This could be called “the neutrality thesis”: that a Supreme Court justice can reach a decision in a difficult constitutional case by some technical legal method that wholly insulates his decision from his own most basic convictions about political fairness and social justice. The thesis does not insist only that a justice can set aside his own party or sectional allegiances, or his own self-interest, in reaching decisions, as of course he can and must. It also insists that justices can reach decisions uninfluenced by their own convictions about fundamental issues of political and constitutional philosophy. Political theorists and legal philosophers disagree about such fundamental issues: they disagree, for example, over whether an ideal democracy is one in which the constitutional rights individual citizens have against the majority are limited to detailed rights codified in explicit texts, so that contemporary majorities are free themselves to decide whether any further or more generous rights should be accorded, or whether, on the contrary, a true democracy accepts that constitutional rights should be understood as reflecting some overall, co-herent conception of free and equal citizenship, understood as a national moral ideal, so that individual citizens must have the power to argue, before courts charged with enforcing that national commitment, that the ideal grants them rights not previously recognized.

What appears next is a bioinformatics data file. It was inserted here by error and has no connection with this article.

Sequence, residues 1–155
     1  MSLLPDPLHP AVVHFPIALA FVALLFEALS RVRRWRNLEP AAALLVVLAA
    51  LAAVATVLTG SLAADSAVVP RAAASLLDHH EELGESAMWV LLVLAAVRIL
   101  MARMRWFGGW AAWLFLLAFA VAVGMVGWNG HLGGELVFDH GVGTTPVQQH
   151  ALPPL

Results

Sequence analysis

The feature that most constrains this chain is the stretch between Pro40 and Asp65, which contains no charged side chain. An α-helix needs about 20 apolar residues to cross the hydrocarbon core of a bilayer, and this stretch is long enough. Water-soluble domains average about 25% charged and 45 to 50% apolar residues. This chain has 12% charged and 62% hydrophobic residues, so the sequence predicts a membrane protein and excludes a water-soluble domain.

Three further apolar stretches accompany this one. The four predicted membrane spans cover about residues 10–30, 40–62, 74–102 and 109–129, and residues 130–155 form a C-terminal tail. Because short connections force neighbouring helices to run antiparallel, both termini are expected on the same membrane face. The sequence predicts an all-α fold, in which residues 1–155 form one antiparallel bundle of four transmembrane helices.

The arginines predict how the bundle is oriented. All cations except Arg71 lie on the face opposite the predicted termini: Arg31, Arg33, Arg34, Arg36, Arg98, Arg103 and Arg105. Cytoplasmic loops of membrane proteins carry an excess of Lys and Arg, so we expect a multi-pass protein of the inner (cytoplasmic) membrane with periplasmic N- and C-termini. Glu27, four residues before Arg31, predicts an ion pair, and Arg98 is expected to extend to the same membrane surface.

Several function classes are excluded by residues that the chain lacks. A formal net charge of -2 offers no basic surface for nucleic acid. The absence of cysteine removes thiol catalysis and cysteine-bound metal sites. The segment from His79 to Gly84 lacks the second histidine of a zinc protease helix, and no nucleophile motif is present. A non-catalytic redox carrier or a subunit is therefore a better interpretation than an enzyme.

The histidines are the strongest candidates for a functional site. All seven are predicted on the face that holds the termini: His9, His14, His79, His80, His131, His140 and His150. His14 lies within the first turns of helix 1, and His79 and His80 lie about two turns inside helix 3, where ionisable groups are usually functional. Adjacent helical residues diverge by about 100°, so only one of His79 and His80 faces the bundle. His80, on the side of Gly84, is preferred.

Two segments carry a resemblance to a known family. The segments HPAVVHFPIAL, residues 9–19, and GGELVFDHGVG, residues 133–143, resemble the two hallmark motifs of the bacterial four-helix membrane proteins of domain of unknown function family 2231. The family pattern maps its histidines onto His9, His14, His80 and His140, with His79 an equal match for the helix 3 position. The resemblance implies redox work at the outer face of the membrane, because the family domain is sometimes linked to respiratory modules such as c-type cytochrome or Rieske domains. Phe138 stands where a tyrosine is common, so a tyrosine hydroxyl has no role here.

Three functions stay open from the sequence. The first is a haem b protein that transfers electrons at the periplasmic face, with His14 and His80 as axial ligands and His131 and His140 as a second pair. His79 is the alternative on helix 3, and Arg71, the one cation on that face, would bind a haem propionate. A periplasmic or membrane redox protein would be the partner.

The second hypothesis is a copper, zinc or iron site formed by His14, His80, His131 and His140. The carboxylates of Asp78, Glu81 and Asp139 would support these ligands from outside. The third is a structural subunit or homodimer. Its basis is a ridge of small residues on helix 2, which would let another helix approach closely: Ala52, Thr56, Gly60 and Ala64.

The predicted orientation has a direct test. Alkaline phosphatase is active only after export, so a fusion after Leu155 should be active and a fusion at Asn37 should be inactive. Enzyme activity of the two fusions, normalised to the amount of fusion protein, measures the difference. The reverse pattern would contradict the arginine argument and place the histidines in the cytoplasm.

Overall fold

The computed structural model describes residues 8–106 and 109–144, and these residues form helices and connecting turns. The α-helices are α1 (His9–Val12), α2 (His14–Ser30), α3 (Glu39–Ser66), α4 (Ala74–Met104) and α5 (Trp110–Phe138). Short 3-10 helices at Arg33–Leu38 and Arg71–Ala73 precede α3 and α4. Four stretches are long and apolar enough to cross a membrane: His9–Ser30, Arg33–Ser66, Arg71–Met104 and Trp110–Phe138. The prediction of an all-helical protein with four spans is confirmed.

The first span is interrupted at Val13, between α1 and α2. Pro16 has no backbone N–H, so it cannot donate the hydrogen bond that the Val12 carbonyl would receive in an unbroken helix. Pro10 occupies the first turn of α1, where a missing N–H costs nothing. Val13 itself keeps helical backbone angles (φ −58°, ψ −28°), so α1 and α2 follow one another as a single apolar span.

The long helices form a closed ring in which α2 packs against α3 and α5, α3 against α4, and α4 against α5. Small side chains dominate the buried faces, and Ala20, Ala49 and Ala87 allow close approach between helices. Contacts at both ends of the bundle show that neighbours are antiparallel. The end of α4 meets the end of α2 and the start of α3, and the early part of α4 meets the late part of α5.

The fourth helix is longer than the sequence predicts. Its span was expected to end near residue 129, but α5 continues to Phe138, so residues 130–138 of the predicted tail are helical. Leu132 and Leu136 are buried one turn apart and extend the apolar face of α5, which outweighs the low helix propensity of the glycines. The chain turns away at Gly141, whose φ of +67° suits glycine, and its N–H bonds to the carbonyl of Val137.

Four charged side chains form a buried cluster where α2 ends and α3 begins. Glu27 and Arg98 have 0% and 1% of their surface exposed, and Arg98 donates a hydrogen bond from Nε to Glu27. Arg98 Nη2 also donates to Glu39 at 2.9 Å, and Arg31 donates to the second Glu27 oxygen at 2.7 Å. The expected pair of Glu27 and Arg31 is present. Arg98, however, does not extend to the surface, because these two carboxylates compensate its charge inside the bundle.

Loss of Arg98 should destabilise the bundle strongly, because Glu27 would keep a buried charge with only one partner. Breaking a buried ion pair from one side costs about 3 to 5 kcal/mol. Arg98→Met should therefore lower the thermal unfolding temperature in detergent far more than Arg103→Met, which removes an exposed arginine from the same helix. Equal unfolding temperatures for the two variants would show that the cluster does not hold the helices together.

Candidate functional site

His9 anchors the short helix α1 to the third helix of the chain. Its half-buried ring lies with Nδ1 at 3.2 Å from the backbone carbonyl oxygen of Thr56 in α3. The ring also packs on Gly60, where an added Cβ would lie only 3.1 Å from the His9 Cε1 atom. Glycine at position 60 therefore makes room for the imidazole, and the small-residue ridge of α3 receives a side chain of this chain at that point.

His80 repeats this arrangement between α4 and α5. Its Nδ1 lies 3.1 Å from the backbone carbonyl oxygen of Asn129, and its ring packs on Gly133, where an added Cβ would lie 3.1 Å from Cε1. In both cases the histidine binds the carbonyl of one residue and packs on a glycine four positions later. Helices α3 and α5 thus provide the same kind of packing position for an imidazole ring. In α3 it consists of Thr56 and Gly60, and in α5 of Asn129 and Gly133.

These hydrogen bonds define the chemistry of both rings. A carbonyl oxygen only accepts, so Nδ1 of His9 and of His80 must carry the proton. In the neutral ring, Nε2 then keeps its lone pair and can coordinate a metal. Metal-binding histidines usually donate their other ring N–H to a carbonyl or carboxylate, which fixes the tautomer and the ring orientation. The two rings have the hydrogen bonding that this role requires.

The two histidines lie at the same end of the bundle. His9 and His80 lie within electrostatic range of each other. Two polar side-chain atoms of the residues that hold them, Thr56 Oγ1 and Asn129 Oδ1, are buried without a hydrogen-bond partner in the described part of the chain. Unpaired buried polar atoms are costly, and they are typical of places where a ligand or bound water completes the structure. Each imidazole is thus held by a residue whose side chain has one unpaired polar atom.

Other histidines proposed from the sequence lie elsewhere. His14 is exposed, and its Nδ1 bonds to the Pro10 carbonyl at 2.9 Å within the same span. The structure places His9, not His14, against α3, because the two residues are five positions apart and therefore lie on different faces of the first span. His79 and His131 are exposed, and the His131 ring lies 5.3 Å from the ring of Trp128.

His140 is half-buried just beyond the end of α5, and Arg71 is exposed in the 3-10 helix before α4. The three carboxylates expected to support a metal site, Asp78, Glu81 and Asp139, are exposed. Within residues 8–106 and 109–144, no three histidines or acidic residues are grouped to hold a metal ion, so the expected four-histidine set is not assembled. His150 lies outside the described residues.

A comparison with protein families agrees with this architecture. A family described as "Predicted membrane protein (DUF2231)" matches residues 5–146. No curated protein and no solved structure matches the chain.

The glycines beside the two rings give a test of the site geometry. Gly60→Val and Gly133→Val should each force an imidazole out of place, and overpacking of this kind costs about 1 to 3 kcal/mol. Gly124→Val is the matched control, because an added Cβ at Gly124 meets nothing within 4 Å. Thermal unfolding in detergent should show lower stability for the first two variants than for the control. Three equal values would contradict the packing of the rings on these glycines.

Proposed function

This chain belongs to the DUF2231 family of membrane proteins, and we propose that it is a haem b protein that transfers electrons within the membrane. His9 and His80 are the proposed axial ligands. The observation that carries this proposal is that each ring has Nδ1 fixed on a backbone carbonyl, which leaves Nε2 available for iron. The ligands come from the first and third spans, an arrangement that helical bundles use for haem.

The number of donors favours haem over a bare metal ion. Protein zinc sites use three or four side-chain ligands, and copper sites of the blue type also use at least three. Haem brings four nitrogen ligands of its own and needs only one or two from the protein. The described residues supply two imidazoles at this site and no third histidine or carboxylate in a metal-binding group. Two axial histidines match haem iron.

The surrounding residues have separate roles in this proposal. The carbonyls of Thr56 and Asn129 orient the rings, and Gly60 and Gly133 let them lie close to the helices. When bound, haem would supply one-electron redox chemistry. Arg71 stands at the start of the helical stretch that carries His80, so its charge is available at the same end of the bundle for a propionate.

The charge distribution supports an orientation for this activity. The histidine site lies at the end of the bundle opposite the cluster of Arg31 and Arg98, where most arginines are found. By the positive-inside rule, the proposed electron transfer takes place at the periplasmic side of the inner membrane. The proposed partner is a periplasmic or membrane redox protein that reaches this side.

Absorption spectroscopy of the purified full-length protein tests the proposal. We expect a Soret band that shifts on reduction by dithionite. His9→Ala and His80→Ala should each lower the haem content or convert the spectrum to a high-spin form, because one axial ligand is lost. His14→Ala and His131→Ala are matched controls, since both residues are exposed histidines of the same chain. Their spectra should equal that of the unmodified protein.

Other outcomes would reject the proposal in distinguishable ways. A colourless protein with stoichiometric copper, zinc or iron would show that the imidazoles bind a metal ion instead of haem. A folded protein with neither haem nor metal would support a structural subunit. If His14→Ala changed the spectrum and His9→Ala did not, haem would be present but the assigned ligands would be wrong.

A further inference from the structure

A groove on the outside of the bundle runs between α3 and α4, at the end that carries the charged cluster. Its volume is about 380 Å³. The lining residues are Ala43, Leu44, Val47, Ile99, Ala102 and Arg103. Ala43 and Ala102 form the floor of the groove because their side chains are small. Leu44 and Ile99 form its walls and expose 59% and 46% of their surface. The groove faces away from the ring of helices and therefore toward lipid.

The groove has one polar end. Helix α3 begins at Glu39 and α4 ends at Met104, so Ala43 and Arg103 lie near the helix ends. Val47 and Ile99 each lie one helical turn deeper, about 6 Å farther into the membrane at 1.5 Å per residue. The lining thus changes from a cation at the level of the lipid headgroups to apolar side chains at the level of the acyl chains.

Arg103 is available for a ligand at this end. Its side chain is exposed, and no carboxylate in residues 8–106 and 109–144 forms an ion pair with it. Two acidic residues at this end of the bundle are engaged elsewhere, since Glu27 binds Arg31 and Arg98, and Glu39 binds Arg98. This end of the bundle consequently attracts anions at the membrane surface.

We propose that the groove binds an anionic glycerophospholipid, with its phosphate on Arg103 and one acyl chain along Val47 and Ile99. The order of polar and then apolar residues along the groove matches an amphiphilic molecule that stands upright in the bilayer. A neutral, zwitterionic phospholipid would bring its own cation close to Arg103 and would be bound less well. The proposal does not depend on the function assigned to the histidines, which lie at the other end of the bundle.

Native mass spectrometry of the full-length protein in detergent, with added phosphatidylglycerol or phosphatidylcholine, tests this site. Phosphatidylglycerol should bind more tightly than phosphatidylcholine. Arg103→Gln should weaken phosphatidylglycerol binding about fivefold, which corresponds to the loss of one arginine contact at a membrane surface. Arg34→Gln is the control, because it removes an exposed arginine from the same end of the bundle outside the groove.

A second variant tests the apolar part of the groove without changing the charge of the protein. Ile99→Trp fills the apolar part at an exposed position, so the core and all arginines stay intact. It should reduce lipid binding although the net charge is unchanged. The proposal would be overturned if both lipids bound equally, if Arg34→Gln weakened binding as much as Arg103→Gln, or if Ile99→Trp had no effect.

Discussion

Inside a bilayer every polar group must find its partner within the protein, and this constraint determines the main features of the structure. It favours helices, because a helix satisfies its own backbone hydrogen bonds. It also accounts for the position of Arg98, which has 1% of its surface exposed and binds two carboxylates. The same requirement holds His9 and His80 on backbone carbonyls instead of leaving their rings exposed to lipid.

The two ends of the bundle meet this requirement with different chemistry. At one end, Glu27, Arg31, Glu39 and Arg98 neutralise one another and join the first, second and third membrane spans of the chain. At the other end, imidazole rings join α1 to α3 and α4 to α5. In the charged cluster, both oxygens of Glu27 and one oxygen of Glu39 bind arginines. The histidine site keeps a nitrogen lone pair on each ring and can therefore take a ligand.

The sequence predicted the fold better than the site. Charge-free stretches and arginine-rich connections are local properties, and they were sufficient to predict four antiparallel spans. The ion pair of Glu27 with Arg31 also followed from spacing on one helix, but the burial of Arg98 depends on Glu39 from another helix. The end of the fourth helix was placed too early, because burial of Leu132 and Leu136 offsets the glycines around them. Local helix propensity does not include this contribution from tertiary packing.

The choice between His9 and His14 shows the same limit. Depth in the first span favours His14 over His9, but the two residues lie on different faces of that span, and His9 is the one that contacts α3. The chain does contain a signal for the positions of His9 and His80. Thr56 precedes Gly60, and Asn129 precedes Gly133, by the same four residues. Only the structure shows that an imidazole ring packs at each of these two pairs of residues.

They disagree about more substantive issues as well; they disagree, for example, over whether the liberty of individuals to make personal ethical choices for themselves—about religious observance or sexual behavior, for instance—is only a liberty some people, including liberals, particularly value although others do not, or whether that liberty is, on the other hand, so fundamental to the very idea of a free society that no community that abridges it can be called truly free. They disagree about philosophical issues that cut across the other differences of opinion I have mentioned: they disagree, for example, about whether fundamental political principles, including ideals of democracy and principles affirming basic liberties, have some objective moral standing, or whether any such principles derive only from subjective preferences, so that democratic politics can be only a matter of satisfying whatever preferences or prejudices the public happens to have.